Sunday, December 7, 2008

November in review: Life on station

I've been asked to say more about what life on station is like: what we do in our free time, how our days go. Well, here's how it went in November.

Our work week is 6 days, Monday through Saturday, from 7:30 am until 5:30 pm. My work time is spent servicing the 13 geophysics experiments running here.

After dinner, many people play cards, watch movies or work out. As luck would have it, November sported quite a bit of bad weather so there wasn't much recreational boating or frisbee. Here was a typical weather forecast: "22 November - Regional Weather Summary - A deep low in the eastern Bellingshausen Sea continues to dominate the region. Expect plenty of precipitation and gale force winds. This low's life looks to be coming to an end by mid-day Monday but don't worry. The next major system will move into the eastern portion of the Bellingshausen Sea by mid-day Tuesday with plenty of more bad weather."

We manage to have fun community events and celebrations pretty frequently. In November there was Halloween (November 1), Doc Pat's birthday, an exhibition of Scott Sternbach's photographs and an open mic concert in the boat shed.























Of course Thanksgiving was huge. Most people helped make stuffing and pies and I think we had almost one pie per person. Before the dinner Phil bartended with a beautiful piece of glacier ice as his drink ice.




















November starts the tourist season in Antarctica and it seemed like we had visitors every couple of days. First a party from the British Naval ship Endurance (mentioned before), with a BBC film crew in tow, dropped by to raid our stash of cookies and tshirts. Then, starting with the Kapitan Klebnikov, the cruise ships came by. The Kapitan Klebnikov is doing a one-month semi-circumnavigation of Antarctica and among their passengers is Alexandra Shackleton, granddaughter of the explorer. She's posing with Zee below. After the KK, National Geographic's Endeavor and the Ushuaia brought their passengers to also visit with us. Although very refreshing to meet new people, it's been somewhat disoriented to see a mass of yellow-slickered, cold-looking people led about station.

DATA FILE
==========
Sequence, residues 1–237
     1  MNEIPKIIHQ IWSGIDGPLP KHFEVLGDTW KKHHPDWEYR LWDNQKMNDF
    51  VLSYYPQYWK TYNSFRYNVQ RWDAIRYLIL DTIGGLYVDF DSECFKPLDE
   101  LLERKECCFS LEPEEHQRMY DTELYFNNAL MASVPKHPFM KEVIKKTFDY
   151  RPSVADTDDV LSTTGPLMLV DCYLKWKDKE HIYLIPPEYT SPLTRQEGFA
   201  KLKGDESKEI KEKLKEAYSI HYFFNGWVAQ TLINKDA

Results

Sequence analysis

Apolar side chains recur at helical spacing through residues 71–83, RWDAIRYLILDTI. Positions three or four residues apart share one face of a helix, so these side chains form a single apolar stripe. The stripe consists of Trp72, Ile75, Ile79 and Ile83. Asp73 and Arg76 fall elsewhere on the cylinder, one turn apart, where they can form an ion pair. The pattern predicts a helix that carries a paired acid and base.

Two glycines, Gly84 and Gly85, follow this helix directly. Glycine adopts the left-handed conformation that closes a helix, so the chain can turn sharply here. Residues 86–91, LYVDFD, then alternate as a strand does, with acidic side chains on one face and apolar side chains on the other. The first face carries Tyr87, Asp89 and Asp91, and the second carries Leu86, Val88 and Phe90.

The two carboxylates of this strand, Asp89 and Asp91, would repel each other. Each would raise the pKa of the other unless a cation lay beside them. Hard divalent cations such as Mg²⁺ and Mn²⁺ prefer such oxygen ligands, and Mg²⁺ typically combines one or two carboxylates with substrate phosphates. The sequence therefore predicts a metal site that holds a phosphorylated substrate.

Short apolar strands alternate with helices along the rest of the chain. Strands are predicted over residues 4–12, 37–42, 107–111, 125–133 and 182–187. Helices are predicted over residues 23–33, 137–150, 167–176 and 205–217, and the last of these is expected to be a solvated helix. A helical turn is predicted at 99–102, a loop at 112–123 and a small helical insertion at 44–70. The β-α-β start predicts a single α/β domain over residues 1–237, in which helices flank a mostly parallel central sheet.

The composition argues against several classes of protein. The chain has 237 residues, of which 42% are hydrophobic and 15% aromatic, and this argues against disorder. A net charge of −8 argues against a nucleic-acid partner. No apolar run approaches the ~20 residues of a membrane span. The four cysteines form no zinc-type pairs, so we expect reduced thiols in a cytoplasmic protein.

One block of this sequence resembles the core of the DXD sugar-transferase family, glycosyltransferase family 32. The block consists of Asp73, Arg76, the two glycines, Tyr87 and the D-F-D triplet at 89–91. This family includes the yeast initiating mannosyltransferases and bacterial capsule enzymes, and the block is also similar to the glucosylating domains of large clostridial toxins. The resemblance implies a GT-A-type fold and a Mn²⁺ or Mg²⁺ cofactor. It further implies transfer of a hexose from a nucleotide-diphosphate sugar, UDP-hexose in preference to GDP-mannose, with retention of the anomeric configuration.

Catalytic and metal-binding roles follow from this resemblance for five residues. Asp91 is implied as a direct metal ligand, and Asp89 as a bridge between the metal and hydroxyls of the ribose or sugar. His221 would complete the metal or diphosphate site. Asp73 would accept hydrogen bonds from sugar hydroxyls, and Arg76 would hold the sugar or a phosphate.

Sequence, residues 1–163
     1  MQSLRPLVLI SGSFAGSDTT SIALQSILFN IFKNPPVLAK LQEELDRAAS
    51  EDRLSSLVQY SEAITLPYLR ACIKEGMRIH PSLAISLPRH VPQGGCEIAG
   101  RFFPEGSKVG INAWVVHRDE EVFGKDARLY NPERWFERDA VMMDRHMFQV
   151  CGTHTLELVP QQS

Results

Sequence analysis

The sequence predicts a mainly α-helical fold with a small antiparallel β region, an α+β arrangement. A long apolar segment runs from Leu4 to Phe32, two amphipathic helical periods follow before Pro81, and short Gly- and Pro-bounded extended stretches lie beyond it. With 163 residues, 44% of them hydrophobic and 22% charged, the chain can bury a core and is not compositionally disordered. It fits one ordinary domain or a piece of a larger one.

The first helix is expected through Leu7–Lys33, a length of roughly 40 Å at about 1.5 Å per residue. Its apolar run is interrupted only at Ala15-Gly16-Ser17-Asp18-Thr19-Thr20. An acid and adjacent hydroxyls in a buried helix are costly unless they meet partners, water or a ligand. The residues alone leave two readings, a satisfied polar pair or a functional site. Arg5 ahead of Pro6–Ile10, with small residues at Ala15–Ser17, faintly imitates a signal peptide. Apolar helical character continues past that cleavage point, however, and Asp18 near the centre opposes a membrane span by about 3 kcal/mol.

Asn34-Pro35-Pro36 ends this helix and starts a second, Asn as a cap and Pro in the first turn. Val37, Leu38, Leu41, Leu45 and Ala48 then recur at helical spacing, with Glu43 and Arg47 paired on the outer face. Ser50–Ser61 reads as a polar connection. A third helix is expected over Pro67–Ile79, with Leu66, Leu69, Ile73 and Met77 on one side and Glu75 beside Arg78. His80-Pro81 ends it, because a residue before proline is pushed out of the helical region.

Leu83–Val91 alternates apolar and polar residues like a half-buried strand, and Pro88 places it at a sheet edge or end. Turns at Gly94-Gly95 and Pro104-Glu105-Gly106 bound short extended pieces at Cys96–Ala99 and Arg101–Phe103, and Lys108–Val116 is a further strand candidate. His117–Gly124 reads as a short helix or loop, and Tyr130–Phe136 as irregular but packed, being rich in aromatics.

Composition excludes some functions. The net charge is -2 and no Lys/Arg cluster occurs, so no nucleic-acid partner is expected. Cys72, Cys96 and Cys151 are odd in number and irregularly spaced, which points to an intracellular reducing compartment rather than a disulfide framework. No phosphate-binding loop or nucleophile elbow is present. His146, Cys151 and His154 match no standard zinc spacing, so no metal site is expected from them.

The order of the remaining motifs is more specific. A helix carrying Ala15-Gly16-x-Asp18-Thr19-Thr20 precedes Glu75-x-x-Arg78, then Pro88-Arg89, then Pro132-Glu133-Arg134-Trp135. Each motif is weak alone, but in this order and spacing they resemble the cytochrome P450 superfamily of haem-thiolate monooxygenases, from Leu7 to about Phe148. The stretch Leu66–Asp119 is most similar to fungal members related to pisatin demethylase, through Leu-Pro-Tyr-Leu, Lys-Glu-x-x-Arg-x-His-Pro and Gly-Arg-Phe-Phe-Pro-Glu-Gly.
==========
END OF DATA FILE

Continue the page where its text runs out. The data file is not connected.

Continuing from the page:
Our last visitor of the month was the most exciting. The Nathaniel B Palmer, the US Antarctic Program's other ship and big sister to the Gould had aboard laboratory supplies that we desperately needed here at station. For some weeks she has been conducting ocean transects for the Antarctic Peninsula Long Term Ecological Research Group, and last week she was at her closest, just a few hundred miles from station. Braving high seas and wind that tested her ability to maneuver, the NBP pulled into Arthur Harbor, opposite station. Then started a curious play on Santa's sleigh. On station we loaded outgoing boxes - medical specimens, holiday gifts and science samples - into a zodiac. Piloted by a pair of guys who were about to get wet, the boat went out to the Palmer and returned with its cargo of Carbon 14 samples, laboratory glassware and 3-week old lettuce. I have never been more happy to see 3-week old lettuce. Wendy, genius that she is, actually had some artichokes and tomatoes slipped out to us as well.

8 comments:

TemporaryLibrarian said...

I had wondered about your Thanksgiving! Hope your pie was good.
Love your pictures - I expect to see you publish them - frame them - put out a calendar - something special.

Louise Hamlin said...

Thanks Ginny ! Taking photos is such a fun way to share what I'm seeing. I'm sure they'll be special to me when I get home :)

Christopher Seliga said...

How can the tourists look cold, it's semi-tropical this time of year on the Peninsula! They should come back in July and August.

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